Do I risk Life in prison or lie?

That is the question that faced Shawn Schweitzer in the spring of 2000.

Frank Pauline, Jr.:  On August 27, 1999, Frank Pauline was found guilty by a Hilo Hawai'i jury of the kidnapping, sexual assault and second degree murder of Dana Ireland. He was sentenced to three life terms in prison, consecutive - a minimum of 180 years.

Albert Ian Schweitzer:  On February 15, 2000, Albert Ian Schweitzer was found guilty by a Hilo jury of kidnapping, sexual assault and second degree murder of Dana Ireland. The key witness against him was Michael Ortiz, a convicted felon serving a 10 year sentence. Ian was sentenced to Life in prison, 130 years minimum. 

Shawn Schweitzer: Next up was Shawn Schweitzer, but he didn't go to trial. The Hawai'i County prosecutor offered a deal. If Shawn entered a straight plea* of guilty to Manslaughter and Kidnapping the prosecutor would drop the sexual assault and murder charges, the prosecutor would recommend to the judge that Shawn serve one year in prison and five years probation. Shawn had already spent 16 months in jail waiting for trial.  On April 17, 2000, the prosecution and defense announced their plea agreement. Shawn walked out of the Hilo jail a free man. 

What would you do? Would you lie to avoid life in prison?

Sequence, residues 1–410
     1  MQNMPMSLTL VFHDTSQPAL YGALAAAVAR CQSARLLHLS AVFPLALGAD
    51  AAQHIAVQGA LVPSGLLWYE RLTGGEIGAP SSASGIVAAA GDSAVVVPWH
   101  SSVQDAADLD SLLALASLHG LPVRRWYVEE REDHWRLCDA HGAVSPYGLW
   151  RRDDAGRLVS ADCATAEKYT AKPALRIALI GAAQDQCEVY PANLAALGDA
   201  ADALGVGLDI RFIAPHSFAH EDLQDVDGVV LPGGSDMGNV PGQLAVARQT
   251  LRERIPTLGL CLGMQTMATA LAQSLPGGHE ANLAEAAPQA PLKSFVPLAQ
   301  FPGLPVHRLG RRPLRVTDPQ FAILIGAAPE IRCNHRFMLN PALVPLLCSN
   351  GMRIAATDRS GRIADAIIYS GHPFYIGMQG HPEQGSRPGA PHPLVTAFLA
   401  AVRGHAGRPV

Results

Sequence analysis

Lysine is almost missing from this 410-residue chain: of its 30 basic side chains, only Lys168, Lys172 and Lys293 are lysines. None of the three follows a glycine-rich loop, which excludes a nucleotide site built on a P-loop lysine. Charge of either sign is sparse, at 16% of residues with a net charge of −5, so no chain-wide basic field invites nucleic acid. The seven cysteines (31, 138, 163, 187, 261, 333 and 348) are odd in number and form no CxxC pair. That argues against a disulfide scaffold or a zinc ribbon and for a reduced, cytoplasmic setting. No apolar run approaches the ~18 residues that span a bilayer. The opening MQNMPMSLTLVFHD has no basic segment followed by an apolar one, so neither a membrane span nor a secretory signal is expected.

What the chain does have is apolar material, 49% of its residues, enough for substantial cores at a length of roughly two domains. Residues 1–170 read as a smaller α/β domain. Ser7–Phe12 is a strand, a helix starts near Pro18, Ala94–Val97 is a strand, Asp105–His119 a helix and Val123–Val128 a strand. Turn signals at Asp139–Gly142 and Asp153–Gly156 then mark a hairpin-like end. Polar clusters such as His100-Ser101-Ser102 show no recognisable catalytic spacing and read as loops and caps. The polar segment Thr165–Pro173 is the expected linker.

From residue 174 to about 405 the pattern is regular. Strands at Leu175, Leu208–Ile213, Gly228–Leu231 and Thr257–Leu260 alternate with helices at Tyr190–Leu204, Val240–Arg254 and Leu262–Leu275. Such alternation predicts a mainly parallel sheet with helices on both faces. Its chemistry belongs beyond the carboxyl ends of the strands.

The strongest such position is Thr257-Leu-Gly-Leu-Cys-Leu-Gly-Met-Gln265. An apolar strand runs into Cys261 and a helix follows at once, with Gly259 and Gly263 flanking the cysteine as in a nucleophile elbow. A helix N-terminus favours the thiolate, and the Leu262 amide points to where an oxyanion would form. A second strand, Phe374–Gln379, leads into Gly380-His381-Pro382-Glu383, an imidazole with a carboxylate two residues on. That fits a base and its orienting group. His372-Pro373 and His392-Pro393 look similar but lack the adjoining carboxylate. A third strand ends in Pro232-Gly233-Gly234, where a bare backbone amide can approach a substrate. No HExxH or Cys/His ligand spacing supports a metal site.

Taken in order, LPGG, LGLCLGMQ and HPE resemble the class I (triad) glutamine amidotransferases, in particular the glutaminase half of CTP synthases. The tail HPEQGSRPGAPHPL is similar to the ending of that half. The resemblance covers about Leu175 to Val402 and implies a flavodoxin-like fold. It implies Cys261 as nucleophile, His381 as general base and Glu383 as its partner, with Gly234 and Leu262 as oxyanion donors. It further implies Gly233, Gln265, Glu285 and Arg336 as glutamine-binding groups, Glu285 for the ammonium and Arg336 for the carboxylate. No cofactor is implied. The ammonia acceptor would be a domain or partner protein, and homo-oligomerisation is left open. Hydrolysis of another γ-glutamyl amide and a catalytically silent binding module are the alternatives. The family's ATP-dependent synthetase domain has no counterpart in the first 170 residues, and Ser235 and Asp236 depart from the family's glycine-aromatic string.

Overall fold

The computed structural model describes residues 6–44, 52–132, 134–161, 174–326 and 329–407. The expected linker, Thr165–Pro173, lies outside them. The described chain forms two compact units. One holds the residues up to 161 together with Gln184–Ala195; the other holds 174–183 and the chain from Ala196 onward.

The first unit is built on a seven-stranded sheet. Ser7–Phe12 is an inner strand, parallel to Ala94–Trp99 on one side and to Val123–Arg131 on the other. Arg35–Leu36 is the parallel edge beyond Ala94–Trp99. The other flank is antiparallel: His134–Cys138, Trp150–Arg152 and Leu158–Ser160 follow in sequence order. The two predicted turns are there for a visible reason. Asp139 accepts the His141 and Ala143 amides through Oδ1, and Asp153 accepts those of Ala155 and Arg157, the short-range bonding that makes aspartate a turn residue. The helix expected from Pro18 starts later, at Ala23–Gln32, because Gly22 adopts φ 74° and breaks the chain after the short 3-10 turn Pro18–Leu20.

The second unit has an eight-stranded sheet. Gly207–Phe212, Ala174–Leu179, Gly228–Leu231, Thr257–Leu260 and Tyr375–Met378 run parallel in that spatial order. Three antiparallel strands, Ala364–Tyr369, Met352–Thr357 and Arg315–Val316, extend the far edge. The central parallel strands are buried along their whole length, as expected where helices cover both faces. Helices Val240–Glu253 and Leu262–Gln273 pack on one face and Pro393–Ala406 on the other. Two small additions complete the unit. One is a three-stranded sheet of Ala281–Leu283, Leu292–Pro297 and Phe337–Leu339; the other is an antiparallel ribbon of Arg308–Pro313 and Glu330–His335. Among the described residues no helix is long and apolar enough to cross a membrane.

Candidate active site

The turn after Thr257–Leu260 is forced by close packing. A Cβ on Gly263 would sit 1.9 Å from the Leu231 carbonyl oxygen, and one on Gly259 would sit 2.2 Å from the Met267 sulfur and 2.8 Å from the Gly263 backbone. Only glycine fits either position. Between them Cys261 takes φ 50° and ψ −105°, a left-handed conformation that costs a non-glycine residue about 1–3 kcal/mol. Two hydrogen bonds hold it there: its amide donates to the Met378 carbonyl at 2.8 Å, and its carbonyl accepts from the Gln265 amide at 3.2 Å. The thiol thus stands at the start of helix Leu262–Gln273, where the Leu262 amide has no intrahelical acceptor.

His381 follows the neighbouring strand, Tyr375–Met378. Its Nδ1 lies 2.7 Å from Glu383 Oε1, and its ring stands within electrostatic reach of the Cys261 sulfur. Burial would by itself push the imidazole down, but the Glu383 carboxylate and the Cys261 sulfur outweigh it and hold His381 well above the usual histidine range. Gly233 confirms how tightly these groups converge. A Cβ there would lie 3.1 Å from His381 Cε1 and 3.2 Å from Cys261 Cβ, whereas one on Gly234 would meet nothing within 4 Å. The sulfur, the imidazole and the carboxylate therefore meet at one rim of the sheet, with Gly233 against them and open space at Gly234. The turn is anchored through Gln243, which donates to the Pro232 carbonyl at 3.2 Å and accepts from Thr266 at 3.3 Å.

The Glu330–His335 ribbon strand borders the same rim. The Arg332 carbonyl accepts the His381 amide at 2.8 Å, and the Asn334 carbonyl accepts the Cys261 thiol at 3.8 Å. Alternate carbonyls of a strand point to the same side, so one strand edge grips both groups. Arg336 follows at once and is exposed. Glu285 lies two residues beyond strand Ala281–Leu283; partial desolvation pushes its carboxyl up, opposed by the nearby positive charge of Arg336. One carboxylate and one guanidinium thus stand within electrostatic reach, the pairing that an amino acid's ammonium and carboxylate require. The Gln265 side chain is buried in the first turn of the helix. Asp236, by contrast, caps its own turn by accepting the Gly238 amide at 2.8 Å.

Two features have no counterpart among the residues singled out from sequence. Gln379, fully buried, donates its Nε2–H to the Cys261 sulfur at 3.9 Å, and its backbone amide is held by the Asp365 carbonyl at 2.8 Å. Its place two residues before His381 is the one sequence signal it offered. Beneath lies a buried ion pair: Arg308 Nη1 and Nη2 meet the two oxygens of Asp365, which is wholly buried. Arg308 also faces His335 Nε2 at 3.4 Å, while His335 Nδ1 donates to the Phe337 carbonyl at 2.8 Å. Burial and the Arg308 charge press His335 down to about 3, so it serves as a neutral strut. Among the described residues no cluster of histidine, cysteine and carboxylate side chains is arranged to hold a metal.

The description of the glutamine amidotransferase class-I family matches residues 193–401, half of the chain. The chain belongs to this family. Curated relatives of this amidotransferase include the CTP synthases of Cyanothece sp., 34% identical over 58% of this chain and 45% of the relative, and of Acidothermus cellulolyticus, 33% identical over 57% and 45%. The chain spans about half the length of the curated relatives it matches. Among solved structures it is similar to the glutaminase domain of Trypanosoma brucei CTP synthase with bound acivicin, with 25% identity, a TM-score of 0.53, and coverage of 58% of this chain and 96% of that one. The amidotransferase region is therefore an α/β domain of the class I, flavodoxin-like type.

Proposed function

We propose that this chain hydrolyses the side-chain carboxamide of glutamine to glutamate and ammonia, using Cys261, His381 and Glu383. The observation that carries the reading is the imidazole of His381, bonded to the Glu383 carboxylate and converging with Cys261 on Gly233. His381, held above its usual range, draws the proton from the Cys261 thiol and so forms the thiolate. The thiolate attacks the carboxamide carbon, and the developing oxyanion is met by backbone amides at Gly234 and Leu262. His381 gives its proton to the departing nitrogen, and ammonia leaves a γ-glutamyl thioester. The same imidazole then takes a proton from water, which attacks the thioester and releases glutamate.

Shortly after the plea deal was reached and Shawn was released from custody, the Hawaii County prosecutor issued a press release stating that Shawn had given a full and detailed confession and had passed a lie detector administered by the Hawai'i Attorney General's office.  It was true that Shawn had confessed, but it was not true that he had passed a polygraph.

On May 9, 2000, Shawn appeared for sentencing. He admitted to being in the car when his brother ran Dana Ireland over. He said Frank Pauline was responsible for the kidnapping and rape of Dana Ireland. There was no mention of a fourth attacker. 

After the hearing, DPA Lincoln Ashida informed the press and directly contradicted what the two juries had been told by the judge, the attorneys and DNA experts. Ashida believed the male DNA at the scene belonged to Frank Pauline. He thought the lab report was incorrect and had given a false reading. 

If you believe:

a) Shawn Schweitzer passed a polygraph in support of his plea 
b) the sperm DNA belonged to Frank Pauline

then the case is over.  However, neither statement is true.

Shawn Schweitzer lied to avoid life in prison. He did not pass a polygraph.

The DNA test was accurate and eliminated Frank Pauline, Albert Ian Schweitzer and Shawn Schweitzer as the source of the DNA.  Below is an excerpt from the January 1999 DNA lab report.


To learn more about wrongful convictions and the Dana Ireland case go to our website:

Judge Mike Heavey (Ret.)

* A straight plea usually involves admitting guilt in the underlying charges and giving the judge facts that support a finding of guilty. The judge then finds facts sufficient to support the plea and judges the defendant guilty.

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